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Statistics Canada – Canadian Research Data Centre Network (CRDCN) – Data Analytics Internship

  • Internship
  • Anywhere

Statistics Canada-CRDCN

Are you a graduate student searching for an opportunity to use your data analysis skills?

We are seeking interest among students for a 4-8 month data analysis internship opportunity. The Statistics Canada-CRDCN Data Analytics Internship provides opportunities on analytical projects in program areas across Statistics Canada. This initiative builds analytical capacity for Statistics Canada and offers graduate students opportunities to work on projects that address the information needs of users, promote the use of leading-edge methods and serve Canadians.


These internships will give you the opportunity to apply your skills alongside researchers at Statistics Canada on projects of interest to the agency. Benefits of participating in the internship include:

  • gaining work experience while applying and developing your data skills;
  • working with new data sources and contribute to new and innovative methods;
  • working alongside of highly qualified personnel in data analysis;
  • applying knowledge from your areas of study; and
  • being part of a respectful and inclusive work environment.

What types of data analytics opportunities are available?

Opportunities are offered in a variety of program areas such as health, technology and innovation. The project descriptions are listed below (in English only).

If you are interested, please email and include the following information:

  • Name
  • Preferred email address for correspondence
  • Student identification number
  • Current resume/CV
  • Project you are interested in

AItopsies: Investigating Death through Large Language Models

Data source: Canadian Coroner and Medical Examiner Database (CCMED) and/or Canadian Vital Statistics Death Database (CVSD)
Tools that will be used: Large Language Models (LLMs), Retrievers, Natural Language Processing (NLP), R and/or Python

CCMED and the CVSD use data from provincial and territorial partners to produce statistics on mortality and causes of death including opioid deaths. Some of this data is in large unstructured open text fields, which is challenging to code and makes selecting cases for research time consuming. The student will test whether recent advancements in LLMs and related tools (e.g., retrievers) can alleviate these problems. In particular, the student will help develop and test systems for smart search and auto-coding the data.

Measuring inter-generational transfers within the Distributions of Household Economic Accounts

Subject: Tax Filer Simulation and Modelling
Data source: Survey of Financial Security and Various Tax Filings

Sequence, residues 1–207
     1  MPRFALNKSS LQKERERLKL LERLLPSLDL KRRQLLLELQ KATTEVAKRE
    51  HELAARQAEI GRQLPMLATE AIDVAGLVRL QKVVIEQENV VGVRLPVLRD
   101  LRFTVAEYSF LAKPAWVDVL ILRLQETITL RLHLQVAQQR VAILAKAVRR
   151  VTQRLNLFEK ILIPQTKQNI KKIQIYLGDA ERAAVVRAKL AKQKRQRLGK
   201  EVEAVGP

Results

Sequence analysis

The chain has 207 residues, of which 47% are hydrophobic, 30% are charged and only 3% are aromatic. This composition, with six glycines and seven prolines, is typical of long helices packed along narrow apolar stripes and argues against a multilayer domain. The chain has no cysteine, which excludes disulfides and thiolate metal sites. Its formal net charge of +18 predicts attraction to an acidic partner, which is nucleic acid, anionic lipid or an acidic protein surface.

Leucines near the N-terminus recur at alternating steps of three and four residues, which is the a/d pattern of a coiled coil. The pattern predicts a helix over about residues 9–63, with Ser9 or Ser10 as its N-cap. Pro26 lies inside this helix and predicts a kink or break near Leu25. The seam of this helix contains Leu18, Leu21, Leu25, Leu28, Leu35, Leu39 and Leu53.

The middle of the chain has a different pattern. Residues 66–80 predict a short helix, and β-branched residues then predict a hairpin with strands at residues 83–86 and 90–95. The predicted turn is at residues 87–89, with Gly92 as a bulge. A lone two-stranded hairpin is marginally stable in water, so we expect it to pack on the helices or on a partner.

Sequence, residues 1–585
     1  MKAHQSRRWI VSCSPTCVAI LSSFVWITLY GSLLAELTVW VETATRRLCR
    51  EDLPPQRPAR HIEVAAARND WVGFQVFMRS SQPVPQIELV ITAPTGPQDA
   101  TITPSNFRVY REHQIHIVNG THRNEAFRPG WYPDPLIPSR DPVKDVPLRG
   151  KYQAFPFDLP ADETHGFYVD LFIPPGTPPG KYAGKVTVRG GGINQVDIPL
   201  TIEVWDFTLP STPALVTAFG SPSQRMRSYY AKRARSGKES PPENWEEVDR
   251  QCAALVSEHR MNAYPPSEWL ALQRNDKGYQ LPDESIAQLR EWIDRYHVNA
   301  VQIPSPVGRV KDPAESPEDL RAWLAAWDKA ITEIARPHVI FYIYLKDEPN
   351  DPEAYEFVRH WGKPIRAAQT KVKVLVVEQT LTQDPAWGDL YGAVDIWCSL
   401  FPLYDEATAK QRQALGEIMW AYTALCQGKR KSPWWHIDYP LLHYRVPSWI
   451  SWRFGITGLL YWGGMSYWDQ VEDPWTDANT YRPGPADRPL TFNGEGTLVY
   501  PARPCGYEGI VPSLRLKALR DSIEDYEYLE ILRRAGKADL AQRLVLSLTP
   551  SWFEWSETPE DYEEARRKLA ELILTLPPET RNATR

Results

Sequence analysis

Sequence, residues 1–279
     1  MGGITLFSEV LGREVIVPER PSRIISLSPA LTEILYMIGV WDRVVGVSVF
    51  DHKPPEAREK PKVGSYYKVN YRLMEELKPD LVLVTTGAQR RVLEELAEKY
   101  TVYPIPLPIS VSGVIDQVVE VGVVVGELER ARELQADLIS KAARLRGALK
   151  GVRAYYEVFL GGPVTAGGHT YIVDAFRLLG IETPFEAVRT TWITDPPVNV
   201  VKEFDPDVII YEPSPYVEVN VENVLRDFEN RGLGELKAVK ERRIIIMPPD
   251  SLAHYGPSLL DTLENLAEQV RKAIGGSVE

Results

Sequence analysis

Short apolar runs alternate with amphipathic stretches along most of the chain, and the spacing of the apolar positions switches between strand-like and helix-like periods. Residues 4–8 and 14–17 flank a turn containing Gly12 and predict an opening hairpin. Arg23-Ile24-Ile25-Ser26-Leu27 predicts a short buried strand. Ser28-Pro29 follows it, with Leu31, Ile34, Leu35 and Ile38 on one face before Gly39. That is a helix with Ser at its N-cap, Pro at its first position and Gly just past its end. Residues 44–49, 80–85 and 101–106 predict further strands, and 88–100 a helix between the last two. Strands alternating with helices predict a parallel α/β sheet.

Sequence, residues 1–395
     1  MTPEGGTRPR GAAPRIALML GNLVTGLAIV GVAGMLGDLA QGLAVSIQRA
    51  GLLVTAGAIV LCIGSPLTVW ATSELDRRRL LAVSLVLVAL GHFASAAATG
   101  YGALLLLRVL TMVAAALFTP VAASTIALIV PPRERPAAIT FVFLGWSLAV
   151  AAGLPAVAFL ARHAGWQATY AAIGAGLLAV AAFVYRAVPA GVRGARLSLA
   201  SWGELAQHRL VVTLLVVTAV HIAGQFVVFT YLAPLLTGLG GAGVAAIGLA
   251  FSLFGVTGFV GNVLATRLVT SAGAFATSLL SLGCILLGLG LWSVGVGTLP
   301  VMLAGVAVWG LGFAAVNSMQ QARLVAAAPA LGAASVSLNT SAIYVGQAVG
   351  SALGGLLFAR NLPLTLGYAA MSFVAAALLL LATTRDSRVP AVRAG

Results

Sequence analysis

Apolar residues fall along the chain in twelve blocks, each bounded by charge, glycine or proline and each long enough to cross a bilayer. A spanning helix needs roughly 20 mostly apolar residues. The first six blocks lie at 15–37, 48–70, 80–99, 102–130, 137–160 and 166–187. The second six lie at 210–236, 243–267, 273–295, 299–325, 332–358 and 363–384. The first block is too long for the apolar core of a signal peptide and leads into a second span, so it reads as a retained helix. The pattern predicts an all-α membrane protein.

Tools that will be used: SAS, R, Excel

This project seeks to develop a methodology to link data on household wealth within the Distributions of Household Economic Accounts (DHEA) with indicators on inter-generational transfers available from other Statistics Canada data sources. Users will be better able to identify within the DHEA how access to financial support from a relative may affect households differently in terms of their accumulation of assets and debt obligations. It will also enable greater clarity on the sources of variation in household financial risk and inequality.

The successful applicant will have extensive knowledge of econometrics and experience with applying statistical modelling and analysis techniques (i.e., using software such as SAS, R, Excel, etc.) to manipulate, develop, and analyze information within large micro-data sets (i.e., income tax files, administrative datasets, surveys, etc.).

The Savings Gap: Re-assessing Canadian Household Income and Saving

Subject: Macroeconomic accounts, household savings, financial vulnerability, wealth gap
Data source: SFS, T2 Tax data, T1 tax data, T3 tax data, macro-economic analysis
Tools that will be used: Python, R, Excel, Powerpoint, etc.

Data from the income and expenditure program of the national accounts show that Canadian households are persistent net borrowers, which means they consistently need to borrow funds to match their uses. This net borrowing must equal the net financial investment recorded in the financial flow accounts. When analysing the financial flow accounts and national balance sheet in isolation, Canadian households don’t appear to be net borrowers, certain transactions must be heavily adjusted to preserve the net lending/net financial investment linkage, making them incoherent with the related asset levels.

The primary output of this project will be an analytical and technical report outlining conceptual, methodological and statistical issues (i.e., data gaps) and solutions. This report will be accompanied by documentation, structured data outputs and associated metadata. This underlying information will help justify any revisions to household incomes or support the findings that Canadians are indeed persistent net borrowers.

To apply for this job email your details to